Admiral Grace Hopper, pioneering computer programmer

Grace_Hopper_wcw_18nov15.jpg

Rear Admiral Dr. Grace Murray Hopper was a remarkable woman who rose to the challenges of programming the first computers. During her lifetime as a leader in the field of software development concepts, she contributed to the transition from primitive programming techniques to the use of sophisticated compilers. She believed that "we've always done it that way" was not necessarily a good reason to continue to do so.

Read more
Share

Hedy Lamarr, Hollywood pinup & inventor of wi-fi

 Hedy Lamarr and invention

Hedy Lamarr, the glamorous movie star from the black-and-white era of film also co-invented a device that helped make possible the development of GPS, Bluetooth, and current Wi-Fi technology. 

 

Read more
Share

Meet Marie Curie, the first woman to win a Nobel Prize

Marie Curie, illustration by Rosie Riveters co-founders Brittany Greer & Casey Huerta

 

FACT: Not only is Marie Curie the first woman to ever be awarded the Nobel Prize, she is also the only woman to have won it twice, and in two separate sciences (physics and chemistry).

Read more
Share

Youngest licensed female radio operator

From The Electrical Experimenter, October, 1916At the age of 15, Gladys Kathleen Parkin became the youngest person ever to pass the government test for a first class commercial operator’s license and only the third woman in the United States to obtain one.

Read more
Share

The first woman to design an airplane

E. L. Todd at the controls Probably Sept., 1909 Library of Congress Collection

The name E. Lilian Todd isn’t one with which most of us are familiar, but we should be. Miss Todd is recognized as the first woman to design and build an airplane, though she herself never flew it.

Read more
Share

Carol Shaw, The First Female Video Game Developer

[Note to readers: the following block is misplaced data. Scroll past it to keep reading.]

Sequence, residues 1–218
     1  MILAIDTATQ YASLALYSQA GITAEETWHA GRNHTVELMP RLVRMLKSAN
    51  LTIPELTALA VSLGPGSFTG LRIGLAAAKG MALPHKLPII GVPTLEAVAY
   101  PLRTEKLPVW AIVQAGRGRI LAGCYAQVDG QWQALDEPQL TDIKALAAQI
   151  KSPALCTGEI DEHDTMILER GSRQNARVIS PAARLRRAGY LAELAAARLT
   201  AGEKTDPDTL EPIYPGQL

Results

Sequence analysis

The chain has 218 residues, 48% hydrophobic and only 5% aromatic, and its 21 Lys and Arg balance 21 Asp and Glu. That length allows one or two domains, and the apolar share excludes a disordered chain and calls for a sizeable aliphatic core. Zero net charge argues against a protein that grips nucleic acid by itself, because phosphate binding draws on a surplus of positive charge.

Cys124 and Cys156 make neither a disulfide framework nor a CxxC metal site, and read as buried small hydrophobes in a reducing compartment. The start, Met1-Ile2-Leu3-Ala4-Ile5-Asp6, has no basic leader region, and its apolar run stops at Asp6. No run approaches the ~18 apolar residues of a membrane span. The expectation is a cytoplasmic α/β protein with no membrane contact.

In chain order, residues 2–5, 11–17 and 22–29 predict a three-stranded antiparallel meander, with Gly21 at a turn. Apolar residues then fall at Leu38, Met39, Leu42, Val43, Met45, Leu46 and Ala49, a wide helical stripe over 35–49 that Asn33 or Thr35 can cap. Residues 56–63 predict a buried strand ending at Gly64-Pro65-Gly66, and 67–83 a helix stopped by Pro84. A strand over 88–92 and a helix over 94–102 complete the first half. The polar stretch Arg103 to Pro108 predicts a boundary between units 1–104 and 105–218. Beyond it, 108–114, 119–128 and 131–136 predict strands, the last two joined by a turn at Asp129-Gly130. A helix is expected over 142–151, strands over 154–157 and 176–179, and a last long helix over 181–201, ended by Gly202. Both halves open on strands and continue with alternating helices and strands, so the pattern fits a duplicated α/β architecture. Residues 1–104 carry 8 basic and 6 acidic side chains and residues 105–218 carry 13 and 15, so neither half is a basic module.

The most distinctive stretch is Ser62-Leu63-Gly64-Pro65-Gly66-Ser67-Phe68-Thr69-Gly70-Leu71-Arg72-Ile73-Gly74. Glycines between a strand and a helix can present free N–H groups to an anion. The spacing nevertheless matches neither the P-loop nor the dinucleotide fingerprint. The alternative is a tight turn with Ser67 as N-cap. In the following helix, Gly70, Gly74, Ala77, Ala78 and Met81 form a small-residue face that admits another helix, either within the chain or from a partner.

Carol Shaw, with the Atari masterpiece River Raid.

This piece by Benj Edwards first appeared on Vintage Computing and Gaming in October 2011

By her own admission, Carol Shaw isn’t your average American woman. Growing up in a world of technology and science traditionally guided by men, she ignored implicit gender barriers and pursued what came to her naturally.

Read more
Share

Emma M Nutt, the world’s first female telephone operator

Emma M Nutt, via Wikipedia

On September 1, 1878 Emma Mills Nutt became the first female telephone operator in the world.

Read more
Share

Emmy Noether — Inventor of abstract algebra

Emmy Noether (photo via Cosmos Magazine / Getty Images)

Noether’s Theorem is to theoretical physics what natural selection is to biology. If you wrote an equation encapsulating all we know about theoretical physics you could label terms contributed by Feynman, Schrödinger, Maxwell and Dirac, but if you wrote “Noether” on the equation it would have to cover the entire thing.

Read more
Share

Joan Clarke, pioneering female WW2 codebreaker

 

 

Joan Clarke’s ingenious work as a codebreaker during WW2 saved countless lives, and her talents were formidable enough to command the respect of some of the greatest minds of the 20th Century, despite the sexism of the time.

Read more
Share

Mae Jemison: astronaut, STEM advocate & futurist

 

This piece originally appeared on the Huffington Post

Read more
Share